Imagine that you and a friend are having a quiet dinner in a nice restaurant in Austin, the capital of Texas. Austin is one of America's trendiest cities, thanks to its lively music, academic, and high-tech scenes.
At a nearby table, a large group has been cheerfully celebrating the birthday of someone named Linda, who looks vaguely familiar.
As those guests rise to leave, chaos suddenly erupts! Three photographers and an aggressive news reporter barge in, rush Linda's table, and pepper her with flashes and loud questions!
No pictures! Leave her alone! scream her companions, as they throw up their hands and hustle her out the door. But the paparazzi are in hot pursuit, and you and others find yourselves reaching for your own pocket cameras to record this amazing scene. Someone even runs after Linda, hoping to get her autograph.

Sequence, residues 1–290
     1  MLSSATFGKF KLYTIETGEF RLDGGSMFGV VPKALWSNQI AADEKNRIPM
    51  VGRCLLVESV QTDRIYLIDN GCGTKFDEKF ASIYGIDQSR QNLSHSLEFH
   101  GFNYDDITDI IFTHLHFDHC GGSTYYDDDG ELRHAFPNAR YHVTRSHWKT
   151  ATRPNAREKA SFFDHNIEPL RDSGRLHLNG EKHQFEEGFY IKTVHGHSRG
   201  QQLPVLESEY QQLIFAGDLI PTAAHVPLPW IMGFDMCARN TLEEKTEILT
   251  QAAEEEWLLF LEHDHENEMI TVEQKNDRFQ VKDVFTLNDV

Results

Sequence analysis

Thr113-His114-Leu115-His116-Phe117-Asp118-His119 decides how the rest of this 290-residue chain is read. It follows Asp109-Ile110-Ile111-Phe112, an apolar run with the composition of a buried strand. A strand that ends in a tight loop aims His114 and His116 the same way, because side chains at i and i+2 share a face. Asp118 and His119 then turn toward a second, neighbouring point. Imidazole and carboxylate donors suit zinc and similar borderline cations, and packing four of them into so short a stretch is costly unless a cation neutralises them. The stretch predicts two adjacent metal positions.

Only Linda is not a famous person. And the paparazzi are not tabloid photographers and obnoxious journalists.
It was all a show, a gag – sort of guerrilla theater. Linda's husband and friends had pooled their money – $250 or more – to surprise Linda and have great fun. The amount can run as high as $1,500 if fake bodyguards and a limousine are employed.
The whole, bizarre experience is the brainchild of Tania Cowher, a commercial and advertising photographer, who formed the Celeb-4-a-Day service and recruited her friends to play the paparazzi. Things have gone so well that Celeb-4-a-Day has expanded to Los Angeles and San Francisco, cities where celebrity mob scenes are common.
As for the Lindas in these wild dramas, they get the photos taken by the phony paparazzi, plus a celebrity-style magazine cover of the event. And, of course, laughs for many years.